The small town of Taos, New Mexico, has provided inspiration for Western artists since Joseph Henry Sharp first visited there in 1893. The art haven is the subject of a new group show at Maxwell Alexander Gallery, which opens with a reception from 6:30 to 7:30 p.m. on September 23 and remains on view through October 7, and features the artwork of Danny Galieote, Kim Wiggins, David Grossmann, John Moyers, Tim Solliday and Logan Maxwell Hagege.
“The mix of cultures in Taos, its history and its beautiful surroundings make it a fascinating place to paint,” Grossmann says. His painting Clouded Sunset, Taos, captures an adobe structure called La Morada on the outskirts of Taos, which was part of a Catholic monastery dating back to the late 1700s. “The evening that I did this painting, the silence of La Morada seemed to carry a hidden history, a feeling echoed by the clouds that veiled the glowing sunset. I wanted to capture the sense of deep solitude and the way that the adobe walls seemed so connected to the land.”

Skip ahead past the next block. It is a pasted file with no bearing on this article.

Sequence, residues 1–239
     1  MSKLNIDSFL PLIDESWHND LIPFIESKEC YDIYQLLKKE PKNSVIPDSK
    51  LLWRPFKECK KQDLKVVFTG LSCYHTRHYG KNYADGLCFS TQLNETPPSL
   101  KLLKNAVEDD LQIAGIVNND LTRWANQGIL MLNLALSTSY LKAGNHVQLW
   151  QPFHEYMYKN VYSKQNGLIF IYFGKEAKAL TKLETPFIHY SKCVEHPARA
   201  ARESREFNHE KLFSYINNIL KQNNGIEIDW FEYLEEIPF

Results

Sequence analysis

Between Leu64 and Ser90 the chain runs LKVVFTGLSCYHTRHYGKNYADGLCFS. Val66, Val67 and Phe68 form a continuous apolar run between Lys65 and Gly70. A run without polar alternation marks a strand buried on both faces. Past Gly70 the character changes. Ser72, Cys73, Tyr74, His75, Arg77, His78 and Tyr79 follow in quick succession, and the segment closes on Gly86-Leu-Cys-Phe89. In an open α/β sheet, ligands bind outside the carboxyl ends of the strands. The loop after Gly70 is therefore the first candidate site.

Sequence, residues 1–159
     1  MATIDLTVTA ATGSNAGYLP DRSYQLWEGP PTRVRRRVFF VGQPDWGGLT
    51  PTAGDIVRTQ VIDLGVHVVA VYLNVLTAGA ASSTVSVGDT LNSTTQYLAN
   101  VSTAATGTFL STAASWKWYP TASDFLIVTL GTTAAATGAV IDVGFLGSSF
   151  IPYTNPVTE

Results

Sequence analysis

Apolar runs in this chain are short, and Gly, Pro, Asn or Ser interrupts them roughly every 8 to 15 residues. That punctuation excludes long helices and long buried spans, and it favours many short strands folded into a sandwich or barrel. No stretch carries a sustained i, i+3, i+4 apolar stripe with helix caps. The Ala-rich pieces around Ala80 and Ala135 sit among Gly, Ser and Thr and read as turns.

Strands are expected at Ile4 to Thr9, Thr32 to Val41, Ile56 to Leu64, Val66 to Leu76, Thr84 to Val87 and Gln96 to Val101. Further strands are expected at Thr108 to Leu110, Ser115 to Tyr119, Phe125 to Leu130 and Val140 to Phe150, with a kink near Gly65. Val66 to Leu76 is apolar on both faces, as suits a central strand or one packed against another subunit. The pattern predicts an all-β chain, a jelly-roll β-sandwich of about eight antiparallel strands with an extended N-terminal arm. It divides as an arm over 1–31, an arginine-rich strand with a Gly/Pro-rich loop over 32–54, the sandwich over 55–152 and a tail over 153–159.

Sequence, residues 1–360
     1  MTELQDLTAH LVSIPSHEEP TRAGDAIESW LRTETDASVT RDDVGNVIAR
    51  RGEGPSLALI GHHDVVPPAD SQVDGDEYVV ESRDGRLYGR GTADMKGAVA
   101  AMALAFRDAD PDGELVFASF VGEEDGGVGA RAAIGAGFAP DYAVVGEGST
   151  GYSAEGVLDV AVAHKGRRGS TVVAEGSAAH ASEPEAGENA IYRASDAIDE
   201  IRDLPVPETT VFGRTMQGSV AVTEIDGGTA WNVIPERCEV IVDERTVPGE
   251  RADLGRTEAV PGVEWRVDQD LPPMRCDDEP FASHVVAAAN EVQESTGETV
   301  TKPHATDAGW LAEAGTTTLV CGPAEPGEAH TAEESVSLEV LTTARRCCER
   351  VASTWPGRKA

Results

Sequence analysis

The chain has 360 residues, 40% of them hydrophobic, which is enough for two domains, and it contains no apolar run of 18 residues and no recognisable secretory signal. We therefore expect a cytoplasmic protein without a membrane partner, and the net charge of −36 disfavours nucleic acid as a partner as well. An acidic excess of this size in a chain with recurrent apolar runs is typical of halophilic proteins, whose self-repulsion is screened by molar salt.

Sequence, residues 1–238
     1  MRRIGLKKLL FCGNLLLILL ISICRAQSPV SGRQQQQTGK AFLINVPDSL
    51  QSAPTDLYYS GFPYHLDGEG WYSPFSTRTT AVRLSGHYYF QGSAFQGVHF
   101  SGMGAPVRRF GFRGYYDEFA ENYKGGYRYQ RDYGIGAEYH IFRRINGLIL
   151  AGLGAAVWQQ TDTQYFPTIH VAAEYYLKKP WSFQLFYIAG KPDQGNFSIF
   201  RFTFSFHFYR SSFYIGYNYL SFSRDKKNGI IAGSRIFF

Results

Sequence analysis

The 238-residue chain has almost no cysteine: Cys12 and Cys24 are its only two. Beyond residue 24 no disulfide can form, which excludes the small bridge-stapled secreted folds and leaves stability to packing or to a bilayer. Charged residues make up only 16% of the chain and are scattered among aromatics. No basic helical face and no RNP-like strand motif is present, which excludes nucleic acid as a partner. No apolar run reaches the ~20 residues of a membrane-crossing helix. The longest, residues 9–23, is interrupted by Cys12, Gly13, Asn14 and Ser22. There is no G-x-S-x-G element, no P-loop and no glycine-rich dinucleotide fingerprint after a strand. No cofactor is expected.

In Galieote’s The Watchers, three protectors watch over their Pueblo family. “I wanted the figures to conjure a feeling of order and stability and that nothing could get past their glistening inscrutable eyes,” Galieote explains. “The middle figure seemed to naturally take his place as the wisest and the one who will have the final word to carry forth in war or in peace.”
Taos is an alluring subject for Wiggins. The landscape and the history imbue a sense of importance in his work. “My work, One Night at Taos Pueblo, centers on the iconic San Geronimo de Taos Mission located at the Taos Pueblo,” he explains. “In the painting two beautiful Pueblo children stand outside the mission under the light of a full moon. This painting is both symbolic and ethereal in nature hopefully capturing the very heart and resilience of the Taos people.”
View the show preview HERE